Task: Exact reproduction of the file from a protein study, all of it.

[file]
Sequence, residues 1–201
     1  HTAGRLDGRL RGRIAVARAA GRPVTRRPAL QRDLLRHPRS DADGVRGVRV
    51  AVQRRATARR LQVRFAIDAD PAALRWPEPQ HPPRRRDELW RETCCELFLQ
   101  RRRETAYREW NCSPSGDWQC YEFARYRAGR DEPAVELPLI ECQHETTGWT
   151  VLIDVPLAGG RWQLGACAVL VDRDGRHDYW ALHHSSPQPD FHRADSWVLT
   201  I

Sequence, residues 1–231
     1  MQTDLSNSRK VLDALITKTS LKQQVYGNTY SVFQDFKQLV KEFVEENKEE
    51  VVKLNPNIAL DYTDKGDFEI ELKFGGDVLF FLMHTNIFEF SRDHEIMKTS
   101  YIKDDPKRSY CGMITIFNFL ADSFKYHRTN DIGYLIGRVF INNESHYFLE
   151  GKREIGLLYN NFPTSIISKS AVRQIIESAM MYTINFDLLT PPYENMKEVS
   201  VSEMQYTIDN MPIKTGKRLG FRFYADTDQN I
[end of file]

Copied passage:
Sequence, residues 1–201
     1  HTAGRLDGRL RGRIAVARAA GRPVTRRPAL QRDLLRHPRS DADGVRGVRV
    51  AVQRRATARR LQVRFAIDAD PAALRWPEPQ HPPRRRDELW RETCCELFLQ
   101  RRRETAYREW NCSPSGDWQC YEFARYRAGR DEPAVELPLI ECQHETTGWT
   151  VLIDVPLAGG RWQLGACAVL VDRDGRHDYW ALHHSSPQPD FHRADSWVLT
   201  I

Sequence, residues 1–231
     1  MQTDLSNSRK VLDALITKTS LKQQVYGNTY SVFQDFKQLV KEFVEENKEE
    51  VVKLNPNIAL DYTDKGDFEI ELKFGGDVLF FLMHTNIFEF SRDHEIMKTS
   101  YIKDDPKRSY CGMITIFNFL ADSFKYHRTN DIGYLIGRVF INNESHYFLE
   151  GKREIGLLYN NFPTSIISKS AVRQIIESAM MYTINFDLLT PPYENMKEVS
   201  VSEMQYTIDN MPIKTGKRLG FRFYADTDQN I